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Can you suggest example sentences where changing the case of one noun keeps the sentence grammatical but changes meaning? Preferably a noun in the same sentence could be used in all five main cases (or as many as possible). I want to have an illuminating example or two to make the point that case is crucially important in Latin.

I am looking for such examples for a couple of purposes: teaching, fun and talking about Latin to friends. I have given an example answer below to give a better idea of what I want to see.

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I feel like this is too broad – there are a lot of possibilities, and none are strictly better than any other, aside from maybe "how many cases does it satisfy", and plenty satisfy five. Probably. – QPaysTaxes Mar 26 at 23:28
    
@C.M.Weimer Because in programming, there are several objectives, determined by the project – typically, you're going for efficiency and readability, but with a focus on one specific trait. The best of several solutions is the one which meets those criteria the best – so if for example you're looking for readability, the one which matches your project's style best. Therefore, there can be one solution out of many which is, objectively, the best, for every given project. – QPaysTaxes Mar 27 at 15:43
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@C.M.Weimer And if there are multiple answers which give 7/7? The reason I said "feel like" is because I don't know enough Latin to be sure. That's also why I didn't cast a CV. Are there multiple valid, significantly different sentences which provide all seven cases? If so, this question is too broad, because there's no way to pick between them. If not, it isn't. However, my gut feeling is that there are. – QPaysTaxes Mar 27 at 15:56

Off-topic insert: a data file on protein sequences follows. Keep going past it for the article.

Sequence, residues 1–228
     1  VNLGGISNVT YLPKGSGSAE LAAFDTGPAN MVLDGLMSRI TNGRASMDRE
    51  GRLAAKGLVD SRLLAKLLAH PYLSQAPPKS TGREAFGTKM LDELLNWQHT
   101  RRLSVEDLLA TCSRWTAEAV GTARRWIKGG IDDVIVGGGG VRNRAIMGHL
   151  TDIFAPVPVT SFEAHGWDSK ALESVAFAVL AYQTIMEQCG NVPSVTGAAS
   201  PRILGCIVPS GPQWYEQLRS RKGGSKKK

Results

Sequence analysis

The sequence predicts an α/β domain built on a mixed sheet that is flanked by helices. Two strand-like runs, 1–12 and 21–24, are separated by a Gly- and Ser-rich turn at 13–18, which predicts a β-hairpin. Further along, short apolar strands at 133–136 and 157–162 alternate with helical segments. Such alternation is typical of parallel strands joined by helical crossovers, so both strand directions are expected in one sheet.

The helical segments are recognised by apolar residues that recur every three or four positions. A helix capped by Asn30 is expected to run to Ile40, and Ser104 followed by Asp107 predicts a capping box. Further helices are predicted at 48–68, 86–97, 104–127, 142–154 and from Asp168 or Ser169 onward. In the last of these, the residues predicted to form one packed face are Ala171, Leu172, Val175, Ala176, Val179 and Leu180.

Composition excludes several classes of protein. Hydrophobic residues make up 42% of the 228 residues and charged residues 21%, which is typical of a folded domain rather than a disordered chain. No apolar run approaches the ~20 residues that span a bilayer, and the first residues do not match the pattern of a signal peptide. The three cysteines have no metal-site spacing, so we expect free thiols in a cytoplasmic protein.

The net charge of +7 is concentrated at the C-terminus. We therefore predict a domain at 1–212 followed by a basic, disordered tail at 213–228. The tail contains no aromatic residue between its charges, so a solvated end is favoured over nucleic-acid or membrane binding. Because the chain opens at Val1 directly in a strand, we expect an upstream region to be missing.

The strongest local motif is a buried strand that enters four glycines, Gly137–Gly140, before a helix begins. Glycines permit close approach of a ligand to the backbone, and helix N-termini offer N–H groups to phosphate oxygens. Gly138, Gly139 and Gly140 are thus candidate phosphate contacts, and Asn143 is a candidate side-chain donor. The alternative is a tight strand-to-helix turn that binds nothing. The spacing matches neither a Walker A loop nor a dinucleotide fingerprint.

@C.M.Weimer As an additional note, in programming, the multiple possible solutions always have different levels of various things, and the best is the one which maximizes desired traits. There aren't many such traits in Latin; in fact, I can think of only one: Vocabulary. And that's negated by using a dictionary. – QPaysTaxes Mar 27 at 15:58
    
Thank you for your comments! (I don't know which one of you this will ping.) There may be thousands of valid examples, but I am not looking for all of them. I just wanted a single illuminating example. I think our scope should allow asking for examples of certain kinds of structures. Perhaps I should make a meta question out of this. If I see an answer that matches my needs, I will accept it and consider my curiosity satisfied; it is irrelevant for me if there are still more valid examples out there. – Joonas Ilmavirta Mar 27 at 16:50
up vote 6 down vote accepted

What if you switch Marcus with domus?

Nom. Domus donum dat.
        "The house gives a gift."
Gen. Domi donum dat.
        "He gives a gift of a house"
Dat. Domo donum dat.
        "He gives a gift to the house."
Acc. Domum donum dat.
        "He gives a house as a gift." // This is nearly the same as the genitive.
Abl. Domo donum dat.
        "He gives a gift by means of a house."
Loc. Domi donum dat.
        "In the house he gives a gift."
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Locative—fancy! You left out vocative, however, though that's an easy enough fix to make. – Joel Derfner Mar 27 at 10:51
    
Nice! The commonest dative ending is I believe -domui. – Cerberus Mar 29 at 16:57

Here is a very simple example that works with four cases (ablative excluded):

  • Nominative: Marcus donum dat. Marcus gives a gift.
  • Accusative: Marcum donum dat. He gives Marcus as a gift.
  • Genitive: Marci donum dat. He gives Marcus' gift.
  • Dative: Marco donum dat. He gives a gift to Marcus.

A variant of this idea replaces dat with do. This would replace "he gives" with "I give" for the last three cases and the first one would become "I give a gift as Marcus".

This sentence does not seem to make sense with ablative. If one adds an adjective to Marcus, then the ablative could be interpreted as absolute ablative: Marco felice donum dat. "He gives a gift because Marcus is happy." The other cases would translate just as above, with "Marcus" replaced with "happy Marcus".

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Perhaps you could do something with donare, which can take an accusative performing the role of a recipient and an ablative as the theme: Marcum servo dono = "I present Marcus with a slave", but it can also be constructed with a dative + accusative: Marco servum dono = "I give Marcus a slave". Or you could be giving Marcus to the slave... – Cerberus Mar 29 at 16:59

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